Finally, a general acceptance in most SADC countries that services openness is indispensable to economic development fails to translate into policy making. Many regulators tend to see their sector in isolation, often choosing direct intervention to achieve policy objectives.
In addition to the challenges noted above, it is important to put expectations of the negotiations in context. Negotiated bindings will provide a degree of legal certainty for foreign services operators, and any new liberalisation is likely to enhance performance of domestic services markets. However, weak legal frameworks, competition-restricting domestic policies, and lack of access to finance are all factors that have created an unfavorable business environment in many SADC Member States, which require much more comprehensive approaches.
If SADC services negotiations are intended to have an impact on its Member States’ economies, Member States must address the following elements:
· Status quo commitments across all sectors should be bound as the floor of liberalisation. Member States can convey such negotiating intentions conveniently through the request-offer process, by requesting Member States to bind applied regimes and following suit with offers that match this ambition.
· A focus should be to address the most egregious, economically unjustifiable barriers, such as monopolies, entry quotas, nationality requirements, and discretionary licensing in a horizontal manner. The economic evidence of the cost of such measures is overwhelming, but it is unlikely that the request-offer process alone will create the necessary dynamics in this regard.
· Negotiators should pay particular attention to areas in which regional integration promises genuine benefits. For example, regions with limited supply capacity, or preferential liberalisation in infrastructural services such as banking or telecommunications, would be counterintuitive. Where foreign investment in these sectors is desired, regulators are rightly focusing on the quality of the investment proposals, rather than the origin of the suppliers. In many areas, closer regional integration can bear fruit, cases in point being the removal of regional road transport restrictions and the movement of persons. Services negotiations can be used to re-animate dialogue within SADC on the movement of persons. Efforts to facilitate the freedom of movement within SADC have thus far not been successful, and a Protocol which seeks to allow SADC citizens to travel visa-free, seek residence, and work across Member States must at this point, for all practical purposes, be regarded as defunct. The SADC services negotiations offer a good opportunity for Member States to narrow their view and look at the gradual improvement of conditions for temporary work related movement. Most SADC Member States have highly restrictive WTO commitments on the movement of persons. The flexibility of the services scheduling approach is a distinct benefit in this case, as it allows gradual and country-specific relaxation of barriers on the temporary movement for natural persons crossing borders in the supply of services. Such an approach can be complementary with any initiative on the movement of business persons undertaken in the tripartite context.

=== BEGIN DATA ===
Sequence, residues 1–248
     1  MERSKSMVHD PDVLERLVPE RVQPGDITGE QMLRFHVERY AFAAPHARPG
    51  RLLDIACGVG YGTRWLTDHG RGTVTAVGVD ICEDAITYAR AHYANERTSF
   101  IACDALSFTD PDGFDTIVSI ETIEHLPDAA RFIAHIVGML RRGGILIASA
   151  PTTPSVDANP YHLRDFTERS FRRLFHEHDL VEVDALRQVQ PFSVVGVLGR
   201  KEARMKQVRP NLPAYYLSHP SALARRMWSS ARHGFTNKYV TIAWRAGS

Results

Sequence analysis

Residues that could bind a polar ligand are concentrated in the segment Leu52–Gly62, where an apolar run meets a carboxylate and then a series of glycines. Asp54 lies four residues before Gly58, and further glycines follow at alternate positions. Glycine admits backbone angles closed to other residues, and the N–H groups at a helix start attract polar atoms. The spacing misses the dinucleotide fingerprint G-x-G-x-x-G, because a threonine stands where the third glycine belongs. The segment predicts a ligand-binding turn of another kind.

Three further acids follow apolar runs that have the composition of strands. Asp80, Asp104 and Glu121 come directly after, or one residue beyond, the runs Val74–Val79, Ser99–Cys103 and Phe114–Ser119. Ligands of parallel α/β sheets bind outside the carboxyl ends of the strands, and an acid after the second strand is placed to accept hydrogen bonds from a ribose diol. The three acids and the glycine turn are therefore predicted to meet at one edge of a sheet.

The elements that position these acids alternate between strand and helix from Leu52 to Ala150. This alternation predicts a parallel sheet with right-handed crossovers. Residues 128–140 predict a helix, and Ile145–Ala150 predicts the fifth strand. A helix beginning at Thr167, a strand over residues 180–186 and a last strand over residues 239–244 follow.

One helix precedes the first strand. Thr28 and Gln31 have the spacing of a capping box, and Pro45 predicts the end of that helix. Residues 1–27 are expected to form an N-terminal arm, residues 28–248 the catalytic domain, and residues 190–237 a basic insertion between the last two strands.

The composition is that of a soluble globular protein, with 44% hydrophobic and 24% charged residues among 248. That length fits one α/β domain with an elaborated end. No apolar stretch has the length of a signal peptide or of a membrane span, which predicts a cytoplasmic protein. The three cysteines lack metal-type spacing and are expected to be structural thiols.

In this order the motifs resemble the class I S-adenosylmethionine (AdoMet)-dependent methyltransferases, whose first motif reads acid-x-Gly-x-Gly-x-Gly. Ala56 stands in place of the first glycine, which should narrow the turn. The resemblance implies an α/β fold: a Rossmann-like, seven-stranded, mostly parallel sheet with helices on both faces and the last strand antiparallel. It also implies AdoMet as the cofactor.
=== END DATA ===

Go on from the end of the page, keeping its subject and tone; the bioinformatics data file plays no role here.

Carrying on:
· Greater synergies must be developed between the services liberalisation agenda and other sectoral agendas within SADC. Work on a wide range of sector issues, much complementary to the services agenda, takes place in various other SADC fora. Unfortunately, exchanges have been sporadic at best. The trade in services agenda can assist in removing barriers to openness, while work on convergence of sector regulation can provide the groundwork for deeper regional integration.